Today, Blue Planet Green Living (BPGL) interviews Maureen Longworth, M.D., who is board certified in both Holistic Medicine and Family Medicine, and is an internationally respected Energy Healer. Dr. Longworth practices medicine in Juneau, Alaska, and is visiting Iowa City through July 17. She will be teaching a Root of Healing Mini Workshop in Iowa City this Sunday and is available for private healing sessions throughout the coming week. More information is provided below. — Julia Wasson, Publisher
BPGL: What is Energy Healing?
LONGWORTH: Energy healing is a global term to describe healing that occurs by creating a shift in the energy field. In a way, even prescription drugs or surgery are an Energy Healing because a shift occurs, but when we speak of Energy Healing in holistic medicine, we mean the natural shift that can occur without drugs, herbs, or surgical intervention.
You might begin by comparing it to any energy modality you know, like chiropractic, massage, Reiki, acupuncture or acupressure, etc. All of these are energy-healing modalities. Even prior to my certification in Holistic Medicine I studied many of these modalities. This tradition I have settled with is the most effective for my patients — and for me personally — for ongoing health and well-being….Read Full Article
“We use every part of the animal,” says renowned costume designer Lindsay W. Davis. He’s holding what used to be a pink party dress. “This little girl’s 1950s party dress had chocolate stains on the front. We opened it up and stuffed it, and now it’s a bustle!”
By “animal,” Davis isn’t talking about a living creature, but about previously worn clothing that he deconstructs and re-imagines into costumes for venues such as Iowa City’s Riverside Theatre Shakespeare Festival. To their previous owners, they are castoffs, but in the hands of Lindsay W. Davis, they gain a new life and vibrant personality.
Davis, whose impeccable credentials include designing the original costumes for The Mystery of Edwin Drood, a Tony Award Winning Best Musical on Broadway, is no stranger to the notion of recycling old clothing into wearable art….Read Full Article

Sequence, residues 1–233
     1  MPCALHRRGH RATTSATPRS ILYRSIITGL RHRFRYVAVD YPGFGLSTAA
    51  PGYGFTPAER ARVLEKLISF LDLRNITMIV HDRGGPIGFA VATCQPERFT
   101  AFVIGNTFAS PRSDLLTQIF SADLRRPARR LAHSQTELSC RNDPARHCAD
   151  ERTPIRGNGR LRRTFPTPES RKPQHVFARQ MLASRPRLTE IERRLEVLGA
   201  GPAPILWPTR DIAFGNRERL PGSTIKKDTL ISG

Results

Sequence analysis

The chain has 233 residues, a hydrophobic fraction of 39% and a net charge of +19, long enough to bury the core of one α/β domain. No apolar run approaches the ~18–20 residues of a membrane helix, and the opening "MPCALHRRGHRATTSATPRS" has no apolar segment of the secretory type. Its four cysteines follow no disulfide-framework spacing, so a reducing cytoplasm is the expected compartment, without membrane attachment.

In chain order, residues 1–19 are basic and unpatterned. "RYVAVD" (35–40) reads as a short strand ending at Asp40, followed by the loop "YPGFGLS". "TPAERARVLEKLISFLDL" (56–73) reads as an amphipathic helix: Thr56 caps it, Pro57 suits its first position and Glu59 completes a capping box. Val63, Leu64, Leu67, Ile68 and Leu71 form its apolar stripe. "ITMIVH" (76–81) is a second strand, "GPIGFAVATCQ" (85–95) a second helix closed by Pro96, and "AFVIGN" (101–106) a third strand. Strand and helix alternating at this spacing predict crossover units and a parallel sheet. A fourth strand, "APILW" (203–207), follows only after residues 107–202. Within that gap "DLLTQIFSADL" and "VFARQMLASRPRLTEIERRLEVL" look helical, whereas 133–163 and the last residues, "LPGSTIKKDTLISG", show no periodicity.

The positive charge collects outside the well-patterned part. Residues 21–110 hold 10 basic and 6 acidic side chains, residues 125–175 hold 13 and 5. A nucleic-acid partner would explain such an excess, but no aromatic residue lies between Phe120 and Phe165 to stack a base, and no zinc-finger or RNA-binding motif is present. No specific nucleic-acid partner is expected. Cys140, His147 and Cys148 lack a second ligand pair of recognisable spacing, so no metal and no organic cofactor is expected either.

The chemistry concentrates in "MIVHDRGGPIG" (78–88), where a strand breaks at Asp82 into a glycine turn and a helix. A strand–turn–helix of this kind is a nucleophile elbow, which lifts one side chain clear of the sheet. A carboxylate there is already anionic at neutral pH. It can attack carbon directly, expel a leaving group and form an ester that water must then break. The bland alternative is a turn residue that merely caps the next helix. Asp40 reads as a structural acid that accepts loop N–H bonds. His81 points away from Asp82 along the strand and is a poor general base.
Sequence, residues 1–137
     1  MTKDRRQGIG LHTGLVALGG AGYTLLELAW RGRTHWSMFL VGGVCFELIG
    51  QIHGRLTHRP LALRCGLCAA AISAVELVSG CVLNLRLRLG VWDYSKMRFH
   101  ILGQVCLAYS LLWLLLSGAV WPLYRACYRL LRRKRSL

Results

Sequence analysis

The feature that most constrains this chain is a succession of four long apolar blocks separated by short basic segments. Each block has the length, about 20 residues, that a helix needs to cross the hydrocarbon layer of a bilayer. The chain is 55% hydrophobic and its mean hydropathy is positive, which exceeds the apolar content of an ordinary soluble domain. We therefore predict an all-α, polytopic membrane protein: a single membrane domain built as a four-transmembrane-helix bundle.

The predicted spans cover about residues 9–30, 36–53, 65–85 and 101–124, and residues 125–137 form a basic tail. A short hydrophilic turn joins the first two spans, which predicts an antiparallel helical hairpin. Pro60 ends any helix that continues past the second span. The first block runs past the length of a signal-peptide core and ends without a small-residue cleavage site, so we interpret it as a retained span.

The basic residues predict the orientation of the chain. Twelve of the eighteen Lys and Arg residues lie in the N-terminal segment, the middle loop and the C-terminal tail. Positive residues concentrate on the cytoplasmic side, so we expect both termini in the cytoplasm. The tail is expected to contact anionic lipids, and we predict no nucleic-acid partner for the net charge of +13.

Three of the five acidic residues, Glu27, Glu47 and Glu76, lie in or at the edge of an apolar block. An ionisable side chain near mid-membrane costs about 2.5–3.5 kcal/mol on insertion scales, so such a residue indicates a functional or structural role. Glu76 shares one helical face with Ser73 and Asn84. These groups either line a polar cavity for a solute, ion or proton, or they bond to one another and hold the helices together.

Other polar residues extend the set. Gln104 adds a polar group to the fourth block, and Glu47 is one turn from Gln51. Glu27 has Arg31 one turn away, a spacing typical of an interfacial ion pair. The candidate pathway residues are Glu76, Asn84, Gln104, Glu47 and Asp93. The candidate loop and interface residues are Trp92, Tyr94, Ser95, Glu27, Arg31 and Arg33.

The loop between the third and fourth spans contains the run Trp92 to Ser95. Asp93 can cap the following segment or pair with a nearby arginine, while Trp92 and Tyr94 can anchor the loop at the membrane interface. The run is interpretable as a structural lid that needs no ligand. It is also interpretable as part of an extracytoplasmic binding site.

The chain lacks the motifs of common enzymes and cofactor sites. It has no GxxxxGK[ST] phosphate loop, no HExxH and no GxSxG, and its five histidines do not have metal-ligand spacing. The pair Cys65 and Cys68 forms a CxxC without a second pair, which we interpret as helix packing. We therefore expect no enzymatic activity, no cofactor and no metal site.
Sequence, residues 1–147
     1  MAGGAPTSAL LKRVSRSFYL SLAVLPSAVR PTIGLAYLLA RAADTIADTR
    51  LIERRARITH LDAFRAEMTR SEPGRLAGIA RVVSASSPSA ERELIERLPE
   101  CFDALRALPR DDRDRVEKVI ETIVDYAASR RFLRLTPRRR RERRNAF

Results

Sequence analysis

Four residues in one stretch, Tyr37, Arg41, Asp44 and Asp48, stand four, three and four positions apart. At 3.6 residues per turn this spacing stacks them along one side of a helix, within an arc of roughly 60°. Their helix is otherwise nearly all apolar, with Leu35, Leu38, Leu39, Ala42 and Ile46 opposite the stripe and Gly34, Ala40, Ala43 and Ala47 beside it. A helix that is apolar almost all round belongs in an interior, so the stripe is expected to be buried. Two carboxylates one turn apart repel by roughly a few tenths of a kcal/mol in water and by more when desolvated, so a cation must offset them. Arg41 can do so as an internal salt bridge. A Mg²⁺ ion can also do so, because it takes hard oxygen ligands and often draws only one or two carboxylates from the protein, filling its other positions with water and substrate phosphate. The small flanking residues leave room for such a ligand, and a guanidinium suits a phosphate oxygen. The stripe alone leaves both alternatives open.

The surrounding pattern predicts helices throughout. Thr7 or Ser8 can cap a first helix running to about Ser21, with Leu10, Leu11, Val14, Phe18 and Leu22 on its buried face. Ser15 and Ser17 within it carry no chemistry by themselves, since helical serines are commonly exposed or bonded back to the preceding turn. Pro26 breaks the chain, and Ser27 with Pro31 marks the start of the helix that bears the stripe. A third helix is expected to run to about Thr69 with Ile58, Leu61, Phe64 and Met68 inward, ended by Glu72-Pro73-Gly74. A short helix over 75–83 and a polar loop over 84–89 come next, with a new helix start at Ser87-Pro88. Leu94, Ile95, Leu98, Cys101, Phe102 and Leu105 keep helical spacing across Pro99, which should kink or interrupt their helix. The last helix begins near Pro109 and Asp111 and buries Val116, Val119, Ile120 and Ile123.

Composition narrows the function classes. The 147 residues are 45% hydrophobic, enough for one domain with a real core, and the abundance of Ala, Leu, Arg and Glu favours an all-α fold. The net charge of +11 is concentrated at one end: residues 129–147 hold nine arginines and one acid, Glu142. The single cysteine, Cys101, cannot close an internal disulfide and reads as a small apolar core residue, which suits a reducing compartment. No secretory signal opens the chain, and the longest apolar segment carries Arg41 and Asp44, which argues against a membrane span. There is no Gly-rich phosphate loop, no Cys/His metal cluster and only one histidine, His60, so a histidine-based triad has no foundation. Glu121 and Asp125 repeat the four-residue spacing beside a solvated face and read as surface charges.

Fauna Extreme publishes a coloring book targeted to young girls. But it doesn’t have a princess theme or a cute kitty or an adorable pony in it. This is a coloring book about power and strength and athleticism. And I’m going to tell you about it. But first, I want to go back into time and talk a bit about the world I grew up in. Please bear with me.
When I was a little girl (oh, about a million years ago), boys got to do all the cool things. They played with trucks. They played Army. They were daredevils. They even occasionally swore (swear words weren’t as commonplace among kids as they are today). I didn’t want to be a “girly-girl.” I wanted to be tough, too. I had opinions. I liked being physical and running and jumping. But I was frequently told, “You can’t do that; you’re a girl.” It didn’t always stop me, but sometimes it did.Read Full Article
I fell in love last weekend. Oh, it was a rash thing to do, I know. But love at first sight isn’t particularly logical. It doesn’t require scrutiny and deep consideration. And love at first sight is exactly what I experienced as soon as I entered Denver.